MASSACHUSETTS BEHAVIORAL HEALTH ACCESS: Allows you to search using level of care and proximity to you for treatment facilities. Gives you bed availability and when the information was last updated. https://mabhaccess.com
SAMHSA: SUBSTANCE ABUSE AND MENTAL HEALTH SERVICES ADMINISTRATION. Treatment facilities can be search within given areas. While it does not list availability, this site gives a lay outs of what the program offers and contact phone numbers. Also included is a medically assisted treatment (Buprenorphine) Treatment locator. This lists all certified physicians with their addresses, phone and fax information. https://samhsa.gov/
SAMHSA: Direct link to their buprenorphine provider locater: https://www.samhsa.gov/medication-assisted-treatment/physician-program-data/treatment-physician-locator
MEDICATION ASSISTED TREATEMENT RESOURCES: Provides information on addiction treatment methods and has directories for methadone and suboxone treatment. http://www.opiateaddictionresources.com/
LITERATURE - BSAS: Massachusetts BSAS page and contact information. http://www.mass.gov/eohhs/gov/departments/dph/programs/substance-abuse/
National Institute on Alcohol Abuse and Alcoholism: https://www.niaa.nih/gov/
National Institute on Drug Abuse: provides educational information on substance abuse, what it is and how it happens. https://www.drugabuse.gov/
12 Step Support
Phone number and website
Addiction discussion questions:
1. Oftentimes, a person's relationship with drugs and alcohol will change over time. For example, you might've initially used drugs only a few times a month as a fun way to relax, but eventually they become an everyday necessity. How has your relationship with drugs changed from the time that you first used to now? Do you still use for the same reasons, or have those reasons changed?
2. Some people are able to function adequately and complete their responsibilities such as work or school, despite having an addiction. However, for most of these people, functioning would be even better without drugs. How did your functioning change at work or school after you started using?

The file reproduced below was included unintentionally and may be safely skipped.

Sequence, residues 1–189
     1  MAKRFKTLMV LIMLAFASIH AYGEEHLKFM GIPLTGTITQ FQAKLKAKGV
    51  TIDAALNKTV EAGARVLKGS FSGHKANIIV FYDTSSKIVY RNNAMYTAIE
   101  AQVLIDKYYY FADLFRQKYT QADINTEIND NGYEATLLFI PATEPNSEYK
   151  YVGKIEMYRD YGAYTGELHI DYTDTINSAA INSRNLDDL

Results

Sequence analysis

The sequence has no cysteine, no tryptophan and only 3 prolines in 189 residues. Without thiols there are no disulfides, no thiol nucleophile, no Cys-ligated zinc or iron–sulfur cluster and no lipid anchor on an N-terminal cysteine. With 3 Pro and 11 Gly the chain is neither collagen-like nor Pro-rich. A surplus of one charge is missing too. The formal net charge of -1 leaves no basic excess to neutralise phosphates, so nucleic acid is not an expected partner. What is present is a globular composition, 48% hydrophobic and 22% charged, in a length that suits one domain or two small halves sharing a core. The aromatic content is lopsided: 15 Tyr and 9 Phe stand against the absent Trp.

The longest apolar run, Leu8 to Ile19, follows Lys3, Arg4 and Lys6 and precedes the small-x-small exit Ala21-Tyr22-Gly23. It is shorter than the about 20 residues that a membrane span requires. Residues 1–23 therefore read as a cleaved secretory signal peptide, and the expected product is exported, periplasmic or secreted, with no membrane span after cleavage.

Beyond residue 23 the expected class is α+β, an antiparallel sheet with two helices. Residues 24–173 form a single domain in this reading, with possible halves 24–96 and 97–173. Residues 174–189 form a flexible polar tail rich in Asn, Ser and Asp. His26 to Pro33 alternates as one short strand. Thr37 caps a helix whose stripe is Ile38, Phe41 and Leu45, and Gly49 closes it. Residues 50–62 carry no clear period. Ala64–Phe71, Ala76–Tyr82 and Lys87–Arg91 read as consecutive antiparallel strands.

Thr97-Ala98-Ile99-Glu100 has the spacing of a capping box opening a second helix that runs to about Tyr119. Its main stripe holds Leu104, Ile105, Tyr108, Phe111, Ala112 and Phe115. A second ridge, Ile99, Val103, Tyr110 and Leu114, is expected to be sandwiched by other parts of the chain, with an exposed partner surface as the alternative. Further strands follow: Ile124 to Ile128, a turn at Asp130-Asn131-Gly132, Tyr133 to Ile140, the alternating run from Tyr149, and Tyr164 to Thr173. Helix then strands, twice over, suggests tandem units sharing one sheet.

Even if you're able to keep up with your responsibilities while you use, how do you think sobriety would change things?
3. The rituals and activities that surround drug use can be difficult to give up. For example, a smoker might enjoy the ritual of having a cigarette -- not just the nicotine. Similarly, a drinker might have more trouble saying goodbye to their drinking buddies than to alcohol itself. What are some rituals or activities that you associate with drug use, and how do you feel about giving them up? Do you think you could achieve sobriety without changing your lifestyle?
4. Many people use drugs as a crutch to help them handle difficult emotions such as anger, depression, and anxiety. These emotions are challenging for everyone and it can be hard to resist the temptation of an easy escape. What choices does a person have, other than drug use, when they are confronted with these painful emotions? What emotions might lead you to using drugs or alcohol?
5. Some people say that addiction is a disease, and others believe it's a choice. What do you think, and why? How do you believe counseling, support groups, or other treatments could help a person who struggles with addiction?
6. Drugs and alcohol affect your judgement, thoughts, feelings, and more. Such changes might lead you to make decisions that you wouldn't make while sober. Have you done things under the influence of drugs that you wouldn't have done while sober? Have you noticed any behavior patterns that occur only when you're intoxicated?
The Stages of Change
Precontemplation: The costs of problem behavior (such as drug use) are not yet recognized. The individual is in denial and is not seriously considering their behavior. They may have made previous attempts to change but have since given up.
Contemplation: The individual is experiencing ambivalence about change. They can see reasons to change their behavior, but they are still hesitant. The problem behavior continues.
Preparation: The individual has decided to change their behavior, and they begin to think about how to do so. During this stage they will begin to make minor changes to support their goal, but they might not have completely ended the unwanted behavior.
Action: Significant steps are taken to end the problem behavior. The individual might be avoiding triggers, reaching out for help, or taking other steps to avoid temptation.
Maintenance: The changes made during the action stage are maintained. The individual may continue to face challenges but at this point they have successfully changed their behavior for a significant period of time.
Relapse: After making changes, some individuals will return to their previous problem behavior. This can happen at any time during the previous stages. Not everyone will experience relapse, but it is always a risk.